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 Page 9 

THE MAY 2011  



By Carlton Hendricks


16 pages - 16,521 words - 33 photo pages

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Harvard Square and  University grounds

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Leavitt & Peirce 

Tobacco Shop

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Basketball Hall of
Fame, Springfield MA

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Harvard University Sports Trophies at Murr Center

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Yale Univ. Trophy Room
at Payne Whitney Gym

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Museum of 
Fine Arts Boston





Once it sunk in that was Paul Revere's silver work, directly as you enter the American wing...thee Paul Revere...the one that rode the midnight ride...it was emotional, as were the paintings of Washington...Revere, Washington, Jefferson...God's instruments of our freedom....


The paintings of George Washington were particularly meaningful to me...One you could never forget for it's size was titled the "Passage of the Delaware" c1819 by Thomas Sully 17831872...which depicted Washington on a white horse right before he dismounted to cross the river and engage the British at Trenton New Jersey. When I say British, they were actually German troops hired by the British. The event took place on Christmas day 1776. 


Washington's crossing of the Delaware River, which occurred on December 25, 1776, during the American Revolutionary War, was the first move in a surprise attack organized by George Washington against the Hessian forces in Trenton, New Jersey. Planned in partial secrecy, Washington led a column of Continental Army troops across the icy Delaware River in a logistically challenging and potentially dangerous operation. -Wikipedia


The work measured an incredible 207 inches wide by 146 1/2 inches tall....Just think of the size of your average double garage door plus tahoecrp.jpg (12832 bytes) add about five feet to the top. Actually maybe this will give you a better idea...a 2011 Chevy Tahoe SUV measures 79 inches wide...so you could drive two Chevy Tahoes' thru the painting at the same time and still have 16.33 inches between and on each side of them. Please note the MFA may frown on that so please don't try it.



I apologize I can not show you a photo of the painting. I took numerous shots until I WashDelaware.jpg (25732 bytes) got just the right one with a few people in front to illustrate it's behemoth girth...then the MFA said no can use. Sully's work should not to be confused with the more well known painting of the subject "Washington's crossing of the Delaware River" by Emanuel Leutze in the Metropolitan Museum of Art, New York City. That one shows Washington standing at the helm of a boat and was done more than thirty years later than Sully's. 


There was a matching pair of two paintings of George and Martha that were only partially finished by Gilbert Stuart 1755-1828. As I recall, the little card next to the painting said Martha didn't like the one of George....However the likeness must have been remarkable since Stuart ended up keeping it and using it as his model for many more paintings of him including our dollar bill. So from  that I would ascertain observing it is about as close as you'll ever get to seeing George Washington in person!


And there was a painting of Paul Revere by John Tom-Bosley1[1].jpg (19113 bytes) Singleton Copley which was very life like and clear...How many people would recognize the name Paul Revere? How many people would recognize Paul Revere?...I never knew what he looked like till I saw that painting....kind of like Tom Bosley, the actor who played Richie's dad on Happy Days...Hey I'm doing the best I can I have to improvise.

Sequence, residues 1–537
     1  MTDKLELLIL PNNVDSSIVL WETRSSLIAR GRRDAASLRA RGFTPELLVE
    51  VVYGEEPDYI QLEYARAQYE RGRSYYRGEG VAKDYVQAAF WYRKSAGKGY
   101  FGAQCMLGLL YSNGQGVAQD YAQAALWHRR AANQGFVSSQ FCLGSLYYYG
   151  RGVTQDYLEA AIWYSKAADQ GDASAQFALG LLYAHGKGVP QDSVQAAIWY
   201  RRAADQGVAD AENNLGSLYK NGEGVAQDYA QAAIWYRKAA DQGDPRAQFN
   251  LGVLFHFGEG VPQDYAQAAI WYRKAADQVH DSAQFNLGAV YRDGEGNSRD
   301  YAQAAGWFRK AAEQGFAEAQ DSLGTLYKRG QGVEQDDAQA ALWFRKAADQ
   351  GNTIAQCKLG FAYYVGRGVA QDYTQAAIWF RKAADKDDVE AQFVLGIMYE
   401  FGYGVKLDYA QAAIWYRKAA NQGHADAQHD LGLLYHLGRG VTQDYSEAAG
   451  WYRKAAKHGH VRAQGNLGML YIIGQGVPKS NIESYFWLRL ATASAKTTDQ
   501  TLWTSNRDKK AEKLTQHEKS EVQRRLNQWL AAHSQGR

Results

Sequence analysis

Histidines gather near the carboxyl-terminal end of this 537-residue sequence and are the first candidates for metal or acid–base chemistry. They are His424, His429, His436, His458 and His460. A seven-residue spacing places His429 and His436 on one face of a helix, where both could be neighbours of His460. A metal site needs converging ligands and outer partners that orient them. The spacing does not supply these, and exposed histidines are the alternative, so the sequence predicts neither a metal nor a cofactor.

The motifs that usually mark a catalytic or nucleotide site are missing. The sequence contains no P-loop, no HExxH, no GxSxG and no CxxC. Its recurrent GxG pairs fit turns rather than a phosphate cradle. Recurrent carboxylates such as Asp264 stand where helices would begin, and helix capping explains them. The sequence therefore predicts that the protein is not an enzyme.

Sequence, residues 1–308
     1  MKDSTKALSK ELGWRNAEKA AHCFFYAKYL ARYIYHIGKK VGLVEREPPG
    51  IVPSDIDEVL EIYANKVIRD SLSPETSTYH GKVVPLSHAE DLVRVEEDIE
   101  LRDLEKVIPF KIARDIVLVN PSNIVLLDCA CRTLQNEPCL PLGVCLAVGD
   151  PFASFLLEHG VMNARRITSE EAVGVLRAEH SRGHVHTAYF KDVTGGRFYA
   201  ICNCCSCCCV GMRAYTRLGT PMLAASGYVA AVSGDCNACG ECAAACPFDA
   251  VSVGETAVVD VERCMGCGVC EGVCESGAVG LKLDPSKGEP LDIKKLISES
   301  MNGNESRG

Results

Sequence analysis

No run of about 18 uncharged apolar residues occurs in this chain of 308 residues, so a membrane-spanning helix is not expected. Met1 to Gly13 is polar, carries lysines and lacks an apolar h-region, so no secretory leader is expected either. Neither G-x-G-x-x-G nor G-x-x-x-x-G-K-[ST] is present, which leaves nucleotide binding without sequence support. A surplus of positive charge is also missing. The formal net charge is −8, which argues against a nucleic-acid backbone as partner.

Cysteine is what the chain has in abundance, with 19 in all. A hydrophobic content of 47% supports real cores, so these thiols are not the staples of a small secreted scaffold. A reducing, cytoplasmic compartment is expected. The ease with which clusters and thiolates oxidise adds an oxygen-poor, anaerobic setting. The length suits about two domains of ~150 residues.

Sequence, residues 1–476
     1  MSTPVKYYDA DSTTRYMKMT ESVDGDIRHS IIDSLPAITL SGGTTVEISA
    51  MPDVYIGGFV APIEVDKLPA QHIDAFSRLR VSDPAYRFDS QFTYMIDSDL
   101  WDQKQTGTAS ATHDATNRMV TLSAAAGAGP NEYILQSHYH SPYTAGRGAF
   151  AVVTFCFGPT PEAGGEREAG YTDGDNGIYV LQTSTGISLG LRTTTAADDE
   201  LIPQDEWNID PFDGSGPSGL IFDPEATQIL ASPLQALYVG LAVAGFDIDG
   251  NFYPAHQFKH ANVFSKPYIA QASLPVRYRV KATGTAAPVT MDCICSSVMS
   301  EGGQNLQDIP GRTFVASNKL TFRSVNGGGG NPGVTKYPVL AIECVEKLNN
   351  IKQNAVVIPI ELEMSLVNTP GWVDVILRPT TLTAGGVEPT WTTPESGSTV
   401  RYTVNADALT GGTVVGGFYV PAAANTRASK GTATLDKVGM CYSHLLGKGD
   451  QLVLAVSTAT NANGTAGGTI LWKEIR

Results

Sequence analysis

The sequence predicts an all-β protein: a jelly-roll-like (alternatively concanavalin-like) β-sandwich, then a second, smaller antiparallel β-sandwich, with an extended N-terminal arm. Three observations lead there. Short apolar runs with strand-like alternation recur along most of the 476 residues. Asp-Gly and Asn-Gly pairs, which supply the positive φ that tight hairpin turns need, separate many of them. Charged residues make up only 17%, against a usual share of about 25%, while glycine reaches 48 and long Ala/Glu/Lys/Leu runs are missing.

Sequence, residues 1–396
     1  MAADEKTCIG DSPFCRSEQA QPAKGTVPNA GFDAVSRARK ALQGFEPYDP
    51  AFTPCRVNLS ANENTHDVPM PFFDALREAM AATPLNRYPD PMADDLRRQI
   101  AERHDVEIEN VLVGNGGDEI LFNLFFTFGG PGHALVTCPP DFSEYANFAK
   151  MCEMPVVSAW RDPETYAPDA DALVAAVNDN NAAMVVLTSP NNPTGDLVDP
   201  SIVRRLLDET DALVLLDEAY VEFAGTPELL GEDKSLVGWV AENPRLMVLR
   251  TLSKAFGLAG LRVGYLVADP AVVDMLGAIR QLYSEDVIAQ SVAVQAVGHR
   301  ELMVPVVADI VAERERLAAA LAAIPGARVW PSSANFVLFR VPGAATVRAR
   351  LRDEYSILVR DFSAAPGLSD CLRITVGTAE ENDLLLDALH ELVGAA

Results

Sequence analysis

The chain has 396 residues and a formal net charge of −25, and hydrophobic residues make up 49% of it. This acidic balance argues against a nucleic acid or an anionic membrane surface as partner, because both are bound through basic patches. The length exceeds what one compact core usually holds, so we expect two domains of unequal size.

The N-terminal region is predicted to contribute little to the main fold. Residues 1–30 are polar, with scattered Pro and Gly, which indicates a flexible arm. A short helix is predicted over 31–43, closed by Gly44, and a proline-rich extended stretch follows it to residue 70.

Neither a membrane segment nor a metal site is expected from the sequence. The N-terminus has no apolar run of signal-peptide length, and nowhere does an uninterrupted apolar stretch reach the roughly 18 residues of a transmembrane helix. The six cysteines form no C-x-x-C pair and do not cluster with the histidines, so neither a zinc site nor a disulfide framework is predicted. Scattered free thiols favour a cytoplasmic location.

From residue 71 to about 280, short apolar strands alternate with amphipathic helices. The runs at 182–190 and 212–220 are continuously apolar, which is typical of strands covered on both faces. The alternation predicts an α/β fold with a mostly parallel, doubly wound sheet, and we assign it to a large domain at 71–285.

Another couple great paintings I saw were...The Torn Hat by Thomas Sully 1783-1872 of a young boy in a floppy hat...And Boys in a pasture by Winslow Homer 1836-1930...Some of the other great American painters represented were John Singer Sargent, Childe Hassam, and William Merrit Chase...in real time money....multi millions of dollars worth of paintings. Another painting that stood out was Boston Common at Twilight by Childe Hassam. It was of a street in downtown Boston at sunset at the turn of the century with snow on the ground. The scene was simple; of a well to do lady with two little girls. It didn't tell a story it just expressed a peaceful mood and gave a glimpse of Boston that period. Hassam added 1885-6 next to his signature so we know it was painted around December and January those years; an invaluable personalization. The description card said Hassam felt artists should paint there own time and surroundings. For the most part I think that argument has much merit; it lends a genuine quality and makes a painting more interesting. It was neat they had a copy of a cabinet photos of Hassam next to the description card so you could see what he looked like. 



There was a preliminary sketch for the water color painting "John Biglin in aThoEakins.jpg (160307 bytes) Single Scull" by the Philadelphia painter Thomas Eakins. Because of it's large size, and character I liked it practically as much as a painting. It measured around 3 feet wide by 2 feet tall. The original water color is in the Met in New York....and Yale University Art Gallery has a copy Eakins made to send to a teacher in Paris. To the left is a photo of  Thomas Eakins...not Robert Downey Jr....The Biglin Brothers John, James and Barney were renown professional oarsman from New York City in the late 19th century. Eakins did at least three rowing paintings with one or more of the brothers. I addressed two other Eakins painting in my 2007 National story which you can see here. The description card misspelled Biglin as Biglen with an e.



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